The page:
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Maine's 2nd Congressional District Has Backed Obama And Trump


Political oddsmakers identify dozens of congressional districts that are in play, as it's said - could go either way and will determine which party wins the House this fall. One of those seats is the 2nd District of Maine. Its voters supported President Trump in 2016, but supported President Obama just four years before that. Let's travel there with NPR's Brian Naylor.

BRIAN NAYLOR, BYLINE: The 2nd District of Maine stretches across a vast swath of the state, with deeply wooded forests and small fishing villages. Mostly rural, it's not just the Maine of lobsters and lighthouses but more hardscrabble, with shuttered mills and one of the worst opioid problems in the nation. Democrats think it could swing blue again. One afternoon last week, their candidate, Jared Golden, greeted workers at the afternoon shift change at the Verso paper mill in Jay.

UNIDENTIFIED PERSON #1: Hi. How are you doing, sir?

NAYLOR: Golden is a 36-year-old former Marine, who signed up after 9/11 and served tours in Afghanistan and Iraq. In an interview at a nearby hospital, Golden said his top issue is health care.

JARED GOLDEN: If you go back to May of 2017 with the Republican effort to repeal the ACA, very deep cuts to Medicaid contained in that House bill. And then consider the fact that Bruce Poliquin voted for that bill.

NAYLOR: Golden wants to extend Medicare coverage to people aged 55 and believes there should eventually be universal coverage. That position has been attacked by Republican incumbent Bruce Poliquin in TV ads like this one.


UNIDENTIFIED PERSON #2: Radical Golden will let government control your health care, ending Medicare as we know it, doubling taxes.

NAYLOR: We reached out to Poliquin's campaign repeatedly for an interview but got no response. The 64-year-old is running for his third term as the only remaining Republican in the House from New England. In a debate earlier this month, he cited his votes to lower taxes and cut regulations while accusing Golden of being in the pocket of Democratic Leader Nancy Pelosi and others.


BRUCE POLIQUIN: I'll tell you what I really object to, is all of this out-of-state money by Nancy Pelosi and Maxine Waters and all these dark money groups that are pouring money in here trying to convince the people of Maine and attack me and say I'm something I'm not.

NAYLOR: Golden has repeatedly asserted he will not vote for Pelosi for speaker, saying it's time for new leadership. In that same debate, Poliquin, whom Trump endorsed for re-election in a tweet, refused to state whether he voted for Trump in 2016.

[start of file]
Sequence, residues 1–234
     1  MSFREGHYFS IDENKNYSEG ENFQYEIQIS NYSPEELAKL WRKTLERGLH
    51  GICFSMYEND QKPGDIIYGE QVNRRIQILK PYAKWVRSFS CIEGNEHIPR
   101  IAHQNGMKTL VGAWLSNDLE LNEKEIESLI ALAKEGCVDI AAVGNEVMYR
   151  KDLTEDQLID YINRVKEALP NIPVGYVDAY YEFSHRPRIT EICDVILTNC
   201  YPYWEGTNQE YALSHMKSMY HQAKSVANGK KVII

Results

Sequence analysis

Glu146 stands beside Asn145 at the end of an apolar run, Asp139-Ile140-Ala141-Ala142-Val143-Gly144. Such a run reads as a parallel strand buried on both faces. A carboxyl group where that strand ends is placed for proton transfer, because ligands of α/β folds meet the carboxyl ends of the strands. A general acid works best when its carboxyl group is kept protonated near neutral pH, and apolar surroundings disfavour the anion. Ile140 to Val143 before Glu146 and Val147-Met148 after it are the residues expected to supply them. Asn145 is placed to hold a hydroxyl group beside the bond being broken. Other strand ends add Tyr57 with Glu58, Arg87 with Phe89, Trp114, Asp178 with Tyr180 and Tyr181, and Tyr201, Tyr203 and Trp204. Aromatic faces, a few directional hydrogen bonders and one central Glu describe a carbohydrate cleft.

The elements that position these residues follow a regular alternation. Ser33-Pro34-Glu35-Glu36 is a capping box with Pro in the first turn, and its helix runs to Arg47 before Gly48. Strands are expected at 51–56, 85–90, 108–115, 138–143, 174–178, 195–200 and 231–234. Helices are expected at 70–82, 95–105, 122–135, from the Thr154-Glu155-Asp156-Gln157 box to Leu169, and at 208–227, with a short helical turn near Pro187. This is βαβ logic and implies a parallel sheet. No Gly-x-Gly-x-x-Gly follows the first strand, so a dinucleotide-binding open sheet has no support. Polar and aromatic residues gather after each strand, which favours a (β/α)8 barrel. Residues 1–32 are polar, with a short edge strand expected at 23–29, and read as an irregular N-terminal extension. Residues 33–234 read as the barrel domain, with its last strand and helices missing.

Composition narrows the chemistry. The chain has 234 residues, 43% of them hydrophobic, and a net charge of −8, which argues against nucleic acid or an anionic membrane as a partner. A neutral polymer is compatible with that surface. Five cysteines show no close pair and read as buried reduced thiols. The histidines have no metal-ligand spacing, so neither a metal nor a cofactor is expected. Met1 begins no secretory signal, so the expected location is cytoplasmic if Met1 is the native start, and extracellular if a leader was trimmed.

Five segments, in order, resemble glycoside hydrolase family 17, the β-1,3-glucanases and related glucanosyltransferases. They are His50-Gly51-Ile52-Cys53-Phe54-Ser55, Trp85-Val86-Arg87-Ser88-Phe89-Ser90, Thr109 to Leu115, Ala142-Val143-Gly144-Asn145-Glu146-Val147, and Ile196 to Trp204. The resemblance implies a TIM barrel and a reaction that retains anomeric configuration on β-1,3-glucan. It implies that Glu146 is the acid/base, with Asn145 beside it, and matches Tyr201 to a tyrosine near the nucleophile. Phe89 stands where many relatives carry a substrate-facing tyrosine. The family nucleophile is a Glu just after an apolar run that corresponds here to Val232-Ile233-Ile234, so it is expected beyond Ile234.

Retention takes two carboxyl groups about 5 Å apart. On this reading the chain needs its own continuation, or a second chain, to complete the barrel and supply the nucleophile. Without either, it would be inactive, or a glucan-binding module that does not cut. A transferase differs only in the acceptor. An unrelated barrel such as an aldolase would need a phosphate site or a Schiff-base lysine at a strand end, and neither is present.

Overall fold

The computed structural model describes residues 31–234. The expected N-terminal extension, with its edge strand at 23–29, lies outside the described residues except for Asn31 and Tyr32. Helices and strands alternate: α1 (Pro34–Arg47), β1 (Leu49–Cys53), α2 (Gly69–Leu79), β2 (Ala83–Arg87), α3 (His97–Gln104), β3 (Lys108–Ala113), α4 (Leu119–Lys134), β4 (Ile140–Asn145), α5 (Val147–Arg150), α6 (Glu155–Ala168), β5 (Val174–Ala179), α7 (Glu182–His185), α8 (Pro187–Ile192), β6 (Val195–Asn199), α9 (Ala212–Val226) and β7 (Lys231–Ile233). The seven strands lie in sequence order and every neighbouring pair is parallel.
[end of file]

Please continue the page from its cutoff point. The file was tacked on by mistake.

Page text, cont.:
POLIQUIN: That's my business. I work with everybody, Republicans and Democrats, as a business professional, but I do not tell anybody who I vote for.

NAYLOR: I asked Golden if he thinks Democrats should serve as a check on Trump if they win the majority.

GOLDEN: I don't view my role as resistance. I like to say I'm a Marine - no better friend, no worse enemy. If the president does something that helps Maine, I'm with him. If he does something that hurts Maine, I'm going to stick up for our state.

NAYLOR: According to the Center for Responsive Politics, the two major candidates and the parties and political action committees supporting them have dropped over $8 million into the district. Two independents in the race are not expected to be a factor but could be because of a wild card. Maine now has ranked choice voting in federal elections. Mark Brewer is a political science professor at the University of Maine.

MARK BREWER: If you were to go and get your ballot today and vote, you would be - you'd be given the option to rank those four candidates one through four, one being your top choice and four being your last choice.

NAYLOR: If no candidate receives a majority, the last place finisher is eliminated. Their votes would then go to whomever the eliminated candidate's voters ranked as their second choice. No one knows for certain how this will play out, and Poloquin has refused to say whether he'll honor the results should he lose. Brian Naylor, NPR News, Lewiston, Maine.

(SOUNDBITE OF PAJI'S "VENOM") Transcript provided by NPR, Copyright NPR.

NPR News' Brian Naylor is a correspondent on the Washington Desk. In this role, he covers politics and federal agencies.
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